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Our power-crazy unions

June 23,2018
Compared to 1987, when the democratization movement peaked, Korean laborers now have an entirely different status. The national umbrella labor unions no longer stand for the weak. They have become powerful political forces. Among incumbent lawmakers, 23 were labor activists, of which six are seated on the Environment and Labor Committee that oversees labor-related legislation. They are also active in the administration. The employment and labor minister, the chair of the tripartite committee of the government, labor and employers, and the vice chair of the presidential committee on job creation have also been recruited from ranks of former labor activists.

The progressive government has been decisively pro-labor. The reforms under the previous conservative government aimed at raising flexibility in the labor market such as a performance-based salary system were killed after the new government was inaugurated. The administration trotted out one labor-friendly policy after another: upgrading contract workers to the permanent payroll, raising the minimum wage and cutting working hours. It ignored complaints from the companies.

And yet the labor front is unsatisfied. Union groups immediately protested and threatened a general strike after the government announced a six-month moratorium on the imposition of a shorter, 52-hour workweek to cushion the shock on employers. A cut in the workweek by 16 hours brings greater challenges to smaller companies. Unions have the power to bargain for shorter working hours without any effect on their paychecks. But companies nevertheless would have to adjust production to sustain cost levels or increased hiring. Lesser yields also translate into less work for subcontractors and parts suppliers. The militant Korean Confederation of Trade Unions criticized the government for neglecting laborers. But the “laborers” it refers to are really big unions.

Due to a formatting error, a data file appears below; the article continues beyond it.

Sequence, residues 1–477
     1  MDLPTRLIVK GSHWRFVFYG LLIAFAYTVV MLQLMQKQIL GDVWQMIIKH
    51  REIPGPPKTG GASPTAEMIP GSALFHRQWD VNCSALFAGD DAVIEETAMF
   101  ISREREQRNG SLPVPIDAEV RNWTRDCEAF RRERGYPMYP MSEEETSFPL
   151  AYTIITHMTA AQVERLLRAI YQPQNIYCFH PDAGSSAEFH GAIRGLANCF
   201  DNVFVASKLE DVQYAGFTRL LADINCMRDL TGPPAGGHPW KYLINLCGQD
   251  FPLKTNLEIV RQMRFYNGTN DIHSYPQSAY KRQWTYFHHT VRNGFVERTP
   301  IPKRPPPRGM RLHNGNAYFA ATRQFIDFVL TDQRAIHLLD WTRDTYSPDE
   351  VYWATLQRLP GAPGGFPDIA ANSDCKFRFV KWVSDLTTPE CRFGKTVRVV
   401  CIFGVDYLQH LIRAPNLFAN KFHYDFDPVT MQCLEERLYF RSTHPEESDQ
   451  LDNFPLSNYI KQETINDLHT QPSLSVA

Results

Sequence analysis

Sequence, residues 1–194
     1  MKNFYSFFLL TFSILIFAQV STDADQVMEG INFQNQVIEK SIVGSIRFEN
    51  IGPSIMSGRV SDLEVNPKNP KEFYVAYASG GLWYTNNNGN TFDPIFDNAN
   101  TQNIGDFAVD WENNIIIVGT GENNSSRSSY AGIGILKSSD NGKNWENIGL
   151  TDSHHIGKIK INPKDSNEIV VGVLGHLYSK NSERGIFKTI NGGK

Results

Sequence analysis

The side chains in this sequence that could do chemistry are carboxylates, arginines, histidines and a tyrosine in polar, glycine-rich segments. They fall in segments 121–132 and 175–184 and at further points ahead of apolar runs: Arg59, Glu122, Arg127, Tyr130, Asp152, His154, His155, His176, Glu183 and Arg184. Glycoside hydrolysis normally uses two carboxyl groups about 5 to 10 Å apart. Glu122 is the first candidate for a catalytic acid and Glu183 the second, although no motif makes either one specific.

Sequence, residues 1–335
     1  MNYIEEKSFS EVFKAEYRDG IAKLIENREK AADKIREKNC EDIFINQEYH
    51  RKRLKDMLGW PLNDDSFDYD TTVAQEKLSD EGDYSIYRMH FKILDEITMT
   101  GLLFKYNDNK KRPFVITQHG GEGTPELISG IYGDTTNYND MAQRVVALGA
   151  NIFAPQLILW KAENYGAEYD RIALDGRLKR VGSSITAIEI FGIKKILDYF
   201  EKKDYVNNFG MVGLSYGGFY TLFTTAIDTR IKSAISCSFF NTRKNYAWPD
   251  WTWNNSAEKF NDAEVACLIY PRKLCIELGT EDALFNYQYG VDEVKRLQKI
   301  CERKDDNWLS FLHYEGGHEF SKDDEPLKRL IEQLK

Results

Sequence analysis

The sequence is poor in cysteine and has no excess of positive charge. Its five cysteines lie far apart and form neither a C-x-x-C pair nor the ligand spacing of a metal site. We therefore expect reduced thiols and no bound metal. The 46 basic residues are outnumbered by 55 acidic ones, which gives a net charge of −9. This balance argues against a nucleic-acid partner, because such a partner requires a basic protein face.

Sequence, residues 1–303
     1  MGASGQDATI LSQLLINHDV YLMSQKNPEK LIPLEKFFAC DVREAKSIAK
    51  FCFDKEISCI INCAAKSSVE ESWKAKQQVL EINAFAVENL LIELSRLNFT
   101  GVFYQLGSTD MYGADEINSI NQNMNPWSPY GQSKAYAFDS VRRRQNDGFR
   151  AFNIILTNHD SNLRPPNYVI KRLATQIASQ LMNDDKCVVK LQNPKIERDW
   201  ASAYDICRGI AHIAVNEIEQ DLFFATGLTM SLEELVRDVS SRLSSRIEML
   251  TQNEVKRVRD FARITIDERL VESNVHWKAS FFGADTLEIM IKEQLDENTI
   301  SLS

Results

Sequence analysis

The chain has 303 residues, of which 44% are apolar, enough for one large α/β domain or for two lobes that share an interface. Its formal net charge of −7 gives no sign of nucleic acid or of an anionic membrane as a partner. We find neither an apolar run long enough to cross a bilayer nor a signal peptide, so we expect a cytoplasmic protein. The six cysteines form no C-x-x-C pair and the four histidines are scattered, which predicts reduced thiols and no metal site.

The two union groups also vowed to boycott meetings with the minimum wage committee or tripartite committee, rejecting any adjustments to the minimum wage policy to ease the burden on small manufacturers, merchants and business owners. Again, unions of large or public enterprises with job security can receive all the benefits from a higher minimum wage. But employees from the wholesale and retail sector and lodging, and restaurants industry are losing jobs because their employers cannot afford higher labor costs. Their attitudes even drew criticism from ruling Democratic Party floor leader, Hong Yong-pyo, who used to be a labor activist. “The goal of pushing up the minimum wage must take into account the economic conditions. But the unions are demanding the lift regardless of the negative impact,” he said in an interview with the JoongAng Ilbo. “Expanding the scope of the wage base is a practical solution to lessen the burden on employers, but the unions are making outrageous claims that we are out to steal their future wages.” The government should turn its attention to young people hopelessly searching for jobs.

JoongAng Sunday, June 23, Page 34